Goldman Sachs suggests rural areas could more easily get 5G than cities

21 August 2018

Goldman Sachs 5G

Cities tend to be the focus for mobile coverage and that’s unlikely to change with 5G, but rural locations could actually be easier to bring 5G coverage to, and after the tech has been tested and honed in cities we might therefore see massive infrastructure investments to make it widely available in rural places too.

That’s according to Jason Tofsky, MD in the Technology, Media and Telecom (TMT) Group in the Investment Banking Division of Goldman Sachs, who in the video below explains that rural towns will be easier to bring 5G to because they lack big buildings and other obstacles which can interfere with a 5G signal.

That’s not to say they’ll be the first to get , as cities will still be the initial focus due to the huge number of people that can benefit, but nor does it sound like rural areas will be left behind, as they sometimes have been in the past.

A mammoth task

While cities will get the tech first, it’s set to be a big job, as Tofsky explains that unlike 4G, which typically uses a single large tower to bring coverage to hundreds of people, 5G will use many small cells, ranging in size from a small pizza box to a fire hydrant, and have those bring coverage to dozens rather than hundreds of people.

The upshot is there will be more infrastructure, but it will all be smaller. And getting there will involve a lot of work, including more fibre and access to more spectrum than is currently available.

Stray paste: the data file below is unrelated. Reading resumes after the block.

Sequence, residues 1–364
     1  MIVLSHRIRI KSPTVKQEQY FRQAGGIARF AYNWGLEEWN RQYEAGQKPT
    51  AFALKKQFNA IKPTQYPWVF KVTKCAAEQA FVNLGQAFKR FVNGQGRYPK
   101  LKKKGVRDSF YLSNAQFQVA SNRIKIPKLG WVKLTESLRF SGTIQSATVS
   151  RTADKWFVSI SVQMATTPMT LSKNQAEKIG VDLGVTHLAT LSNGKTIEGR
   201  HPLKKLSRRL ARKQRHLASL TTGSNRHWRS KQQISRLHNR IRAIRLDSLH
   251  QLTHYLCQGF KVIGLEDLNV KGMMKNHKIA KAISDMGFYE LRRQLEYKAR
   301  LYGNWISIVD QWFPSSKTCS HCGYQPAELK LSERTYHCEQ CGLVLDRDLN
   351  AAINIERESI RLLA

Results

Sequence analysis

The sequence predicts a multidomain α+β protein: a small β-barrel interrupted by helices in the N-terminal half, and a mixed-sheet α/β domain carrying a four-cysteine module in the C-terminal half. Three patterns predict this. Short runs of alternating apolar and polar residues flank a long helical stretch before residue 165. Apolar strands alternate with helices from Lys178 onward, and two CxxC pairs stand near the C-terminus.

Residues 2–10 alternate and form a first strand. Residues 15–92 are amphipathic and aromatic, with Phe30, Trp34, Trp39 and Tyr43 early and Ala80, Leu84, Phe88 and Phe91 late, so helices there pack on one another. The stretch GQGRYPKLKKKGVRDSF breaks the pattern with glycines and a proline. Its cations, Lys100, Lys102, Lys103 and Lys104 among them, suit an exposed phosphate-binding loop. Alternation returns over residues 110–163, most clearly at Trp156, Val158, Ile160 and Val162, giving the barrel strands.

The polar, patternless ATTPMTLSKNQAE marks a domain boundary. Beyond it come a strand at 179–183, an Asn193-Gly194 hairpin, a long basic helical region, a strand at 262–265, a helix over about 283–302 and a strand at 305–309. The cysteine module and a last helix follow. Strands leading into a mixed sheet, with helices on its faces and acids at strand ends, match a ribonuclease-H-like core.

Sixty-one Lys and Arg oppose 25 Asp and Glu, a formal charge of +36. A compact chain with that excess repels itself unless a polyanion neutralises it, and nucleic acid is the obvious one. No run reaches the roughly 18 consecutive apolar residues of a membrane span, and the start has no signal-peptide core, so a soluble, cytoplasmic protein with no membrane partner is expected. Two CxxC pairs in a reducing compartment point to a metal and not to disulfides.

However, this new-look network and the capabilities that 5G will likely bring (such as enabling smart cities, live 8K video and the like) could also lead to some interesting blurring of the lines between technology companies and telecoms companies.

Tofsky finishes the video saying: “we could see some interesting combinations of technology companies and telecom and communications companies coming together in a way that ten years ago none of us would have thought was possible.”

So rolling out 5G will be a big, expensive job, but unlike 4G – which mostly just made things faster – it could lead to some real changes.

Useful read: How fast is 5G?

Sub-Editor at 5G.co.uk

James is sub-editor at both 5G.co.uk and TechRadar. Also works as a researcher/ technical writer for 5G.co.uk and several other websites including TechRadar, T3, Smart TV Radar, 3G.co.uk with work on the web, in print and on TV.

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